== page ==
Biofuels Can Lead The Way To Decarbonisation
Changing from a fossil fuel to a methanol based fuel would mean replacing the entire engine, however EMSA (European Maritime Safety Agency) have highlighted how biofuels can lead the way to Decarbonisation.
A report by EMSA argues that biofuel can act as a ‘drop in’ fuel. It can be easily mixed with fossil fuels or replace it all together. This will allow for the global shipping market to slowly phase out fossil fuels.
Due to the nature of some of the biofuels, they offer the possibility to replace traditional fossil fuels without needing to modify the original engines, fuel tanks, pumps or supply system. Everything can remain intact. For fleets all over the world who ship daily, this offers an immediate solution. If the biofuel can be mixed easily with the traditional VLSFO, it means shipping companies can continue to deliver cargo worldwide due to how flexible and cost effective this process is.
Fuels such as XFuel’s marine ISO 8217:2017 is a compliant fuel. They meet the same specifications as fossil fuels. Therefore they can be interchanged and blended without hassle and in the process, reducing carbon emissions.
On A Global Scale
If biofuels can lead the way to decarbonisation, why is this process not already being used worldwide? Feedstock availability! This product is the raw material and the building blocks that make up biofuel. Those building blocks alone can dictate the sustainability and viability of a fuel.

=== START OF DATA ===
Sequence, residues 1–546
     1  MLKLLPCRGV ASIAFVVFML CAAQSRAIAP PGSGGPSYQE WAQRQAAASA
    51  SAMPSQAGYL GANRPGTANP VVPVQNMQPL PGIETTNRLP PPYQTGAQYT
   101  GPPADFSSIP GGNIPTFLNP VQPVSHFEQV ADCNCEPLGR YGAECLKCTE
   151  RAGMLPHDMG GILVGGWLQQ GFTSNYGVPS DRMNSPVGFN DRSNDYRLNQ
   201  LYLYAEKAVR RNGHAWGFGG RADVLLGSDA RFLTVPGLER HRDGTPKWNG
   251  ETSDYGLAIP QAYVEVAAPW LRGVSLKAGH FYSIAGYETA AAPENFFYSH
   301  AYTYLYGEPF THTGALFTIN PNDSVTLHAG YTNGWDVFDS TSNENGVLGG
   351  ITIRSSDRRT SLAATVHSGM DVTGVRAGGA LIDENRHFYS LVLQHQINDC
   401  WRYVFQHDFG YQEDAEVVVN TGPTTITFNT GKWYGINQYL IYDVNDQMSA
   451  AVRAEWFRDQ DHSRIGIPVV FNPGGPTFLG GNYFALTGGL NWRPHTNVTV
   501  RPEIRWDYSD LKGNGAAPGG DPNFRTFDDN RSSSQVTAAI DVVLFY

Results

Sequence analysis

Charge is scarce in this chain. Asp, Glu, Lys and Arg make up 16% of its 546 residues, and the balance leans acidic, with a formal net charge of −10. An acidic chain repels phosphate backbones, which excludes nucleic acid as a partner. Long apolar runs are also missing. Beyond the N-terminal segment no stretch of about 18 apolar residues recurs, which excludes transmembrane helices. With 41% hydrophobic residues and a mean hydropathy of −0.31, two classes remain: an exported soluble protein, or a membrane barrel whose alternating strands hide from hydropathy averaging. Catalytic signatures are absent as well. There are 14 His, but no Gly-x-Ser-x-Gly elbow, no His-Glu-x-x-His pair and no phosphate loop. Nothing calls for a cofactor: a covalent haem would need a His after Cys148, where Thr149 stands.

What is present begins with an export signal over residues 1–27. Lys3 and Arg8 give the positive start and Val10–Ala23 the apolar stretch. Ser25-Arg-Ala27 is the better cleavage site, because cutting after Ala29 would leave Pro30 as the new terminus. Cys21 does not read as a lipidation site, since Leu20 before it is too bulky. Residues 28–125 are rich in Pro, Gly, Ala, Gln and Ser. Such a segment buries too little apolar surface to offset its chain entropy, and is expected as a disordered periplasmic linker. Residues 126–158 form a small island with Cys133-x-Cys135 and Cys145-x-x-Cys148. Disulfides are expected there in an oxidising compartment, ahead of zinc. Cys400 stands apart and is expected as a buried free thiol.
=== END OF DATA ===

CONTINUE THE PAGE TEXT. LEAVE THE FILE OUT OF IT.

Shipping consumes a lot of fuel on a daily basis. The first generation feedstock used to produce biofuel is primarily crops. If the industry is to move into biofuels we need to learn how to upscape production without it impacting things such as food supplies or ecosystems if scaled up to the kind of output required by the shipping industry.
Another way for biofuels to be made is via waste. This is a second generation biofuel. This would be a more sustainable approach as it comes from waste essentially. However there scale is not there to fulfil the market.
New technology has found a more flexible and abundant feedstock: lignocellulose, or plant-based waste. Lignocellulosic waste biomass is available throughout the world. It is deriven from the waste produced by the manufacturing, building, agricultural, and forestry sectors. Usually this waste is left to decompose.
All of these biofuel methods offer a cost-effective and flexible carbon emissions reduction solution for shipowners, without the need to rebuild the shipping infrastructure.
It is fantastic that there are lots of new green technologies about, however they will take decades to push out on a global scale. Biofuels can lead the way towards decarbonisation almost immediately, as long as there is enough feedstock available to produce it.